Spirituality a key step in addiction recovery

By 
  • September 26, 2008
{mosimage}TORONTO - For many people suffering from addiction, the belief in a higher power, or the belief that such a higher power actually cares for them, is often a difficult concept to grasp, addictions counsellors say.

Feelings of shame and guilt because of the hurtful things they have done or said during their addiction can make it difficult for recovering addicts to forgive themselves. The concept of a Creator who loves them and wants to help them seems very unlikely.

C.J., a former cocaine addict with Tourette Syndrome, has had to fight several addictions triggered by his compulsive illness.


'Because of the Tourettes, I had a difficult childhood with teasing and my way of coping was hanging out with the bad crowd and drugs were a way of coping with myself,' he said.

Six years ago he entered Vita Nova, an addictions rehabilitation centre in Woodbridge, Ont. After dealing with his drugs addiction, he left, but soon developed a gambling addiction. After trying several programs at other addiction treatment centres, he returned to  Vita Nova this past year.

Vita Nova offers a program that strongly invites participants to explore their spirituality and reconnect with God. The founder is Catholic and learning sessions are offered about the Catholic faith on a weekly basis.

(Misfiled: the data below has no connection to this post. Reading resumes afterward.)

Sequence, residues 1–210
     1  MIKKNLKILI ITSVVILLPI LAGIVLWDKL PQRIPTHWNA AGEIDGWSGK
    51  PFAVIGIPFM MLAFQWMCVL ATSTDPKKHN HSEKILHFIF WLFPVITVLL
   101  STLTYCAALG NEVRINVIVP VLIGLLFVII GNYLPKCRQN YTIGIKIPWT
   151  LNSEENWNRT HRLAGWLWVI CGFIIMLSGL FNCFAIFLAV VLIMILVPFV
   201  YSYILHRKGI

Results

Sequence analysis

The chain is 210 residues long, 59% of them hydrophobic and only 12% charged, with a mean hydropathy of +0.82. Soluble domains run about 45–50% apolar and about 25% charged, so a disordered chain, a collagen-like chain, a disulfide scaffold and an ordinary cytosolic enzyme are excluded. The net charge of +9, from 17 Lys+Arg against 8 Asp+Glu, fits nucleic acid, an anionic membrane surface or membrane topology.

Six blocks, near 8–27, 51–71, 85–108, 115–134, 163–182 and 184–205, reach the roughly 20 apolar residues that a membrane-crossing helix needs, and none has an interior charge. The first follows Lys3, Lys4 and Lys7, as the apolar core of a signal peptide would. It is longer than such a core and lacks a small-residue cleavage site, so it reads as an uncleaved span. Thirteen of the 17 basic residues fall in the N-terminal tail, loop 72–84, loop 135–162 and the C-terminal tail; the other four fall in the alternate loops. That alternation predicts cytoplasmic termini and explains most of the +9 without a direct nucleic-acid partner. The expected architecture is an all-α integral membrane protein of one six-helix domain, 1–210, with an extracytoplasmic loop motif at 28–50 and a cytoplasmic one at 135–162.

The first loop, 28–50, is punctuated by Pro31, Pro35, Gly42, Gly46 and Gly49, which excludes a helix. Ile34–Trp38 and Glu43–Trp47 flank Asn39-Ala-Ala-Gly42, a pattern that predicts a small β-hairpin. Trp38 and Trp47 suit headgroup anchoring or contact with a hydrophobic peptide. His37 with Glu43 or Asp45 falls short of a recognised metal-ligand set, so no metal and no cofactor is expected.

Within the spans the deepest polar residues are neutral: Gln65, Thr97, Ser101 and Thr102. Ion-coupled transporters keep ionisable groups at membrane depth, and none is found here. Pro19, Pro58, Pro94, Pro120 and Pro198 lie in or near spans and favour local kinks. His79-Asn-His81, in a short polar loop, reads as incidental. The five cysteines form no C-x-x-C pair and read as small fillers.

Like many centres, it also offers psychotherapy, family counselling, career counselling and physical health assessment. Clients can stay for a minimum of three to six months, but can even stay for a year or longer, if needed. Every day after dinner, clients are invited to take part in a 'spiritual hour.'

'I believe in a higher power and I know that Vita Nova is based on a higher power, God, and I've attended a few Masses here. But I still grapple with it,' C.J. said. 'I feel I'm not worthy of God's love because I've disappointed a lot of people. I have a lot of regrets.'

Emilio, an alumnus of Vita Nova,  said he stayed in its program for six months in 2004 because of a cocaine addiction. He said that after leaving, he 'ran into issues,' had a relapse and it wasn't until about three years later that he walked back through Vita Nova's doors.

'I didn't take spirituality seriously (the first time),' he said. 'The place had always taught me the right way but I chose the wrong way. The second time, I started taking it seriously.'

After about a year, he was able to recover and is to be married this fall.

Many other addiction treatment centres make spirituality an option, if not a priority in their clients' rehabilitation.